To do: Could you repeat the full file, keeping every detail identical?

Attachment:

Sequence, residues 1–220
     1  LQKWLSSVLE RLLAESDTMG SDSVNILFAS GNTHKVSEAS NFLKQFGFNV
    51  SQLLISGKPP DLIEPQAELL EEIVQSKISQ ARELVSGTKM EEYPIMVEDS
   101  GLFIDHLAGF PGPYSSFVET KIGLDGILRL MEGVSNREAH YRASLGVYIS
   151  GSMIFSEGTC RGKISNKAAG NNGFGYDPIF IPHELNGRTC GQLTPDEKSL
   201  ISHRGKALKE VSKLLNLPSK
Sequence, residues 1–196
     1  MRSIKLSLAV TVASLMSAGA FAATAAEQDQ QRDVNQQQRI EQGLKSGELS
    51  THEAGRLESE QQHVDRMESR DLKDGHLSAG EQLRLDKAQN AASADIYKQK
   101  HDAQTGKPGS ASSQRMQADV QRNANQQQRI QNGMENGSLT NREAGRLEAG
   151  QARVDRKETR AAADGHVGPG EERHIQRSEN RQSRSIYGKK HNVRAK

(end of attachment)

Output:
Sequence, residues 1–220
     1  LQKWLSSVLE RLLAESDTMG SDSVNILFAS GNTHKVSEAS NFLKQFGFNV
    51  SQLLISGKPP DLIEPQAELL EEIVQSKISQ ARELVSGTKM EEYPIMVEDS
   101  GLFIDHLAGF PGPYSSFVET KIGLDGILRL MEGVSNREAH YRASLGVYIS
   151  GSMIFSEGTC RGKISNKAAG NNGFGYDPIF IPHELNGRTC GQLTPDEKSL
   201  ISHRGKALKE VSKLLNLPSK
Sequence, residues 1–196
     1  MRSIKLSLAV TVASLMSAGA FAATAAEQDQ QRDVNQQQRI EQGLKSGELS
    51  THEAGRLESE QQHVDRMESR DLKDGHLSAG EQLRLDKAQN AASADIYKQK
   101  HDAQTGKPGS ASSQRMQADV QRNANQQQRI QNGMENGSLT NREAGRLEAG
   151  QARVDRKETR AAADGHVGPG EERHIQRSEN RQSRSIYGKK HNVRAK